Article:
PriceWaterCoopers Nigeria says that the Covid-19 pandemic could pose a risk to African Continental Free Trade Area (AfCFTA) agreement. It also said thatAfrican nations and relevant stakeholders could also turn the agreement into an opportunity for stronger collaboration if certain policies are pursued quickly.
PWC Nigeria disclosed this in its report titled: “COVID-19 and the African Continental Free Trade Area Agreement” released on Wednesday morning.
The report praised the FG’s visa policy where citizens of other African countries will now be issued visa upon arrival in Nigeria as against having to apply for Nigerian visa in their respective countries and said it’s a commendable step by the Nigerian Government in promoting trade within the African continent and ensuring the success of the CFTA agreement.
The report said that the border closure and travel bans placed by key and emerging African economies such as Nigeria, South African, Ghana, Algeria, Morocco, Kenya and Ethiopia has impacted trade in the continent, citing weakened demand for essential commodities such as pharmaceutical and agricultural products due to reduced exports.
It added that reduced demand for Africa’s raw materials and commodities in Asia, Europe and North America has also affected African access to manufactured goods which may lead to further geopolitical uncertainty.
“The pandemic has disrupted the regional value chain. The CFTA seeks to improve industrial development that can benefit continental sustainability especially in the agricultural sector,” the report stated.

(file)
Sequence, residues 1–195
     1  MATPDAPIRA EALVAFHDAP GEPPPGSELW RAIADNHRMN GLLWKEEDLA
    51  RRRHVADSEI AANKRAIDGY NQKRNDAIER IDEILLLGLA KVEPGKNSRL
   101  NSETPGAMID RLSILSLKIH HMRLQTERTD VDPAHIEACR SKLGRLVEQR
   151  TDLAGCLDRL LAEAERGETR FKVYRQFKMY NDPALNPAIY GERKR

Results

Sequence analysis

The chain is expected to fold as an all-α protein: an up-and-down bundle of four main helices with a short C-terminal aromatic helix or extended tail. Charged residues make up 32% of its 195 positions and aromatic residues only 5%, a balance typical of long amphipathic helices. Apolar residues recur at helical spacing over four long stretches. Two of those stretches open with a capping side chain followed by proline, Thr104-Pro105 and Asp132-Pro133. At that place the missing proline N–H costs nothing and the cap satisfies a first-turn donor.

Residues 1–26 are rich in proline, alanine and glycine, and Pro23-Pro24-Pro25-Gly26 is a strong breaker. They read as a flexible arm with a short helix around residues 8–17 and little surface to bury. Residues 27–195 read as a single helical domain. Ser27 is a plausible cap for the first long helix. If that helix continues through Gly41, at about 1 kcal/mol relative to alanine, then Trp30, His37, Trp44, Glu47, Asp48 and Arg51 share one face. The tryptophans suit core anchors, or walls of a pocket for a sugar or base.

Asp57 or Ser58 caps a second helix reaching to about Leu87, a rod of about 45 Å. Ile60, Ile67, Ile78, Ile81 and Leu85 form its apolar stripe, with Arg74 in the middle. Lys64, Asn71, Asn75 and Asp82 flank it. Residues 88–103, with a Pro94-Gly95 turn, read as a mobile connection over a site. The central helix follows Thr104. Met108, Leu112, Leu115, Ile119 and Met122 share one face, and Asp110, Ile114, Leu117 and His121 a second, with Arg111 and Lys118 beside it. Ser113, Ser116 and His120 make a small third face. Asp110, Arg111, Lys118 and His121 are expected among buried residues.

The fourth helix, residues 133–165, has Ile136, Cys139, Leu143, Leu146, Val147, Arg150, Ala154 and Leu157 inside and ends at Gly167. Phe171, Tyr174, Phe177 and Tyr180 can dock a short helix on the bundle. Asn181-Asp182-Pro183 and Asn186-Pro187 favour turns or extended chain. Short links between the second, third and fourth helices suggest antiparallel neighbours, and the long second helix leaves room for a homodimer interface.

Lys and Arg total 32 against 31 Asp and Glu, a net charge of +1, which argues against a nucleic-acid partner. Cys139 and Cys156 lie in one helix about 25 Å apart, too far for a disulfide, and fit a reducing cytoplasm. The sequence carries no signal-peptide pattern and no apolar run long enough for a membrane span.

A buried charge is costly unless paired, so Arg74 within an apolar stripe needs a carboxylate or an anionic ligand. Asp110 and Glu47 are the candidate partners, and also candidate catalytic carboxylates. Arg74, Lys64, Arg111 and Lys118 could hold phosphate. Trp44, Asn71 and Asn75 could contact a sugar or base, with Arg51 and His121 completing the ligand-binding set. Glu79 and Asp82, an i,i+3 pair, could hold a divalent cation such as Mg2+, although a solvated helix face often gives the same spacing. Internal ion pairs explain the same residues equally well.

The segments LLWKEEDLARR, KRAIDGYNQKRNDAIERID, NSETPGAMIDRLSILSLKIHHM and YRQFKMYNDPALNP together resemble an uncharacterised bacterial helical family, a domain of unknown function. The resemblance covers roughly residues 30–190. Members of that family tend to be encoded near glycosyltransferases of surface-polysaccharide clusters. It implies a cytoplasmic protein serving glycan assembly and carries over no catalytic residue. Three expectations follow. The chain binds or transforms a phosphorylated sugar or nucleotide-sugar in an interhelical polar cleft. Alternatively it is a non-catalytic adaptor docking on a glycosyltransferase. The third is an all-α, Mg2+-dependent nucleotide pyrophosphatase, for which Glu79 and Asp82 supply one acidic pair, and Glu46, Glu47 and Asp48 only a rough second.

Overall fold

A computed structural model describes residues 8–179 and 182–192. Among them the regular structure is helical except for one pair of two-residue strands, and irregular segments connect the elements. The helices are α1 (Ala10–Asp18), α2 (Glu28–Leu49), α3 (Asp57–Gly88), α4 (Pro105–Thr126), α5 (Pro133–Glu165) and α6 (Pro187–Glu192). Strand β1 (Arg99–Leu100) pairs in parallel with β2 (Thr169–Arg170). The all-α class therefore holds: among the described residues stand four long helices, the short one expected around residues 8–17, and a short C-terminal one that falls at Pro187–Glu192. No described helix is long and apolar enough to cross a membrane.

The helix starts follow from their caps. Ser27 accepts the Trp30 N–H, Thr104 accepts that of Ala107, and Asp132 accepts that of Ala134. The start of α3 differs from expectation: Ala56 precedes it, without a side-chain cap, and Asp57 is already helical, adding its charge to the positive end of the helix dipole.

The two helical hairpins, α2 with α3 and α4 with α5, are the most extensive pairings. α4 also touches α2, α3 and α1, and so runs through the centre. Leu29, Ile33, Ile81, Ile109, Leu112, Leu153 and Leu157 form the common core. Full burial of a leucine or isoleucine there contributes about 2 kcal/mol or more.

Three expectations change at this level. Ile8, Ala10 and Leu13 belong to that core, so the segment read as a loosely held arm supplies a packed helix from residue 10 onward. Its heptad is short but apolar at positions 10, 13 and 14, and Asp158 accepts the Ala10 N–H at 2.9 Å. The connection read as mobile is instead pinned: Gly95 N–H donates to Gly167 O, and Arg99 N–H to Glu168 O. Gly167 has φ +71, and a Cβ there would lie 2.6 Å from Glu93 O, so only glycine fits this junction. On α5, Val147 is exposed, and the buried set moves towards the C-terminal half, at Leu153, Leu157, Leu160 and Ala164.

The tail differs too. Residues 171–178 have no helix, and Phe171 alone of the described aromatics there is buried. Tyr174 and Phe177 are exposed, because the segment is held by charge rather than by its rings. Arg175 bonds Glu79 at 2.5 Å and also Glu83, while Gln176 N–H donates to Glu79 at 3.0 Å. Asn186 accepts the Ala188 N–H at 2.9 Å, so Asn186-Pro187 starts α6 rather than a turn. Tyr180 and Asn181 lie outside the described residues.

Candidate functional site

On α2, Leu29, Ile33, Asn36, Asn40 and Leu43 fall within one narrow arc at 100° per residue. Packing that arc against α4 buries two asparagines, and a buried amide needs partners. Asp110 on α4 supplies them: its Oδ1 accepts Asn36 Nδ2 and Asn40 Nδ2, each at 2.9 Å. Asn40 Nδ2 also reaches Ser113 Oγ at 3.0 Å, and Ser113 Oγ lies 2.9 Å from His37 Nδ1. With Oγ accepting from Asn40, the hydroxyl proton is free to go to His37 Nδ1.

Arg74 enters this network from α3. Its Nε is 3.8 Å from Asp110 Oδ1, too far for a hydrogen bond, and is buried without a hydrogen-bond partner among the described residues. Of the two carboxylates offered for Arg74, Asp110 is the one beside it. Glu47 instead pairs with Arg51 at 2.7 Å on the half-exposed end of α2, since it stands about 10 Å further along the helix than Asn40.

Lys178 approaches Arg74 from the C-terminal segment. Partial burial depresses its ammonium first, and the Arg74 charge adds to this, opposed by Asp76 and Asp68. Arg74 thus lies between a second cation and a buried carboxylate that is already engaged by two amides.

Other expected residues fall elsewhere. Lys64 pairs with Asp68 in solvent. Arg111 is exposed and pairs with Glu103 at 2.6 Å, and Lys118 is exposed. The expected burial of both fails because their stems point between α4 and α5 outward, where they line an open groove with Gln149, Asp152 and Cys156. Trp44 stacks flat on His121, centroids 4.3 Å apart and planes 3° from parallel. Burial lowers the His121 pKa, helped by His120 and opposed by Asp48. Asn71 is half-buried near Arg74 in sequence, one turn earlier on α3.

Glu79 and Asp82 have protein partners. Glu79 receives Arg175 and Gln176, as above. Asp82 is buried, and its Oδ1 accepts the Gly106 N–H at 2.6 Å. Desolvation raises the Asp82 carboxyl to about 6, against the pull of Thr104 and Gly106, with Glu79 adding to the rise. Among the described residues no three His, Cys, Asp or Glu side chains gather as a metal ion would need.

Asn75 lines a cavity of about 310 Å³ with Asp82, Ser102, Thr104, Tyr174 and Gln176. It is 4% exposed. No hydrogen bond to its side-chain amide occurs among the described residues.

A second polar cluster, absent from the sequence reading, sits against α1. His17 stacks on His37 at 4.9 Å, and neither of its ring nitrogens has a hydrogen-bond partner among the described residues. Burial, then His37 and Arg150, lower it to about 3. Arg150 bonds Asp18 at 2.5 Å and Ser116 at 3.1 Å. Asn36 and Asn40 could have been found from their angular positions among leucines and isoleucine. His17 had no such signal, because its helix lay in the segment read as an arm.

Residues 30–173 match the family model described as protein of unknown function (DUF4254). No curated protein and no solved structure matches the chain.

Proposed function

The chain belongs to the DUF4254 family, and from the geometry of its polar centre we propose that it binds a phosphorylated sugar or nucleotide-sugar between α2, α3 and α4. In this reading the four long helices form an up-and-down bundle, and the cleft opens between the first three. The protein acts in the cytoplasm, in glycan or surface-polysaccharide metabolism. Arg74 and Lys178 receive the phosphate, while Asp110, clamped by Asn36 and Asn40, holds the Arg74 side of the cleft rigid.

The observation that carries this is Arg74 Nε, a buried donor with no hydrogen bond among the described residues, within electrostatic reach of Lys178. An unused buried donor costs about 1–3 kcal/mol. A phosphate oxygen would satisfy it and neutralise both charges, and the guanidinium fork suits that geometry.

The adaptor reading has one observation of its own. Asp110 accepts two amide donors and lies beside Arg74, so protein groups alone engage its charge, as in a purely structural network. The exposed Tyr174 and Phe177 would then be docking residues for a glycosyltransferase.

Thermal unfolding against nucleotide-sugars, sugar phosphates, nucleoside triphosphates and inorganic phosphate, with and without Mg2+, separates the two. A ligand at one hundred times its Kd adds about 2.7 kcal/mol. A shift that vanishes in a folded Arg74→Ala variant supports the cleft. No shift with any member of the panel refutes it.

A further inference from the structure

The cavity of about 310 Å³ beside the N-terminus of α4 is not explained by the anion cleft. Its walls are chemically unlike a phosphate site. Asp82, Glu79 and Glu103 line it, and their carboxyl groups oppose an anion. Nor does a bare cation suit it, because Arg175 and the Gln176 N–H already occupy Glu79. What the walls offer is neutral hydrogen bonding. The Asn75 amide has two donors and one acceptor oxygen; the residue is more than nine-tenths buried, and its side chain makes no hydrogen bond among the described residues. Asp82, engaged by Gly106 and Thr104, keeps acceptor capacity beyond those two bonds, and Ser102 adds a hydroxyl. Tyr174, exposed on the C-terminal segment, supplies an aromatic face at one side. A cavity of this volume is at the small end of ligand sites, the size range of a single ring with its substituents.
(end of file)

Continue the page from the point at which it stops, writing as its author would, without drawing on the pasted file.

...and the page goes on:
The report said that “The coronavirus could pose a risk for the continental project, but leaders could also turn it into an opportunity for stronger collaboration if certain policies are pursued quickly.” The considerations include:
Making the continent self-reliant in food security, education healthcare and logistical services to develop a framework and set realistic implementation plans to improve these key sectors irrespective of regional integration.
Rather than close borders that can send a negative signal to the progress of the Agreement, governments can reduce human flows while keeping borders open to key goods and services required for national development and economic sustainability.
It urged Nigeria to consider fiscal sustainability in terms of focusing efforts in key areas where the country has the biggest impact such as rails, ports in order to optimise the country’s resources through the implementation of public and private sector collaborative efforts.
The report stressed Nigeria’s digital economic strategy – National Digital Economy Policy and Strategy must sustain economic interactions and development in the face of a pandemic, citing that countries like Egypt with similar strategies would “have an edge over countries in the market with weak or no digital framework.
Going into the AfCFTA post-COVID-19 requires Nigeria as well as other African economies to build a digital economy to foster the production of higher quality goods and services at reduced costs.
Africa needs to reduce dependence on non-African partners through the AfCFTA by removing tariff and non-tariff barriers as much as possible and intensifying the economic regionalisation processes.
With the birth of AfCFTA, a strong commitment and joint action by the continent’s leaders would undoubtedly benefit the fight against the pandemic and its economic consequences for Africa post-COVID-19.
Nairametrics reported last week that the African Union is setting up a fund to find new ways of funding the construction of roads and railways and other utilities comes as Africa seeks to bring together 1.3 billion people in a $3.4 trillion economic bloc known as the African Continental Free Trade Area (AfCFTA).
The Nigerian Economic Summit Group (NESG) stated that for the FG to maximize the AfCFTA agreement, it needs to direct its efforts into strengthening domestic value chains and also develop an efficient land border system for exports.
Meanwhile, Finance Ministers in the African Union announced that they will meet a virtual event from 17-23 March 2021, to discuss how industrialization can drive economic capacity in Africa under the African Continental Free Trade Agreement (AfCFTA).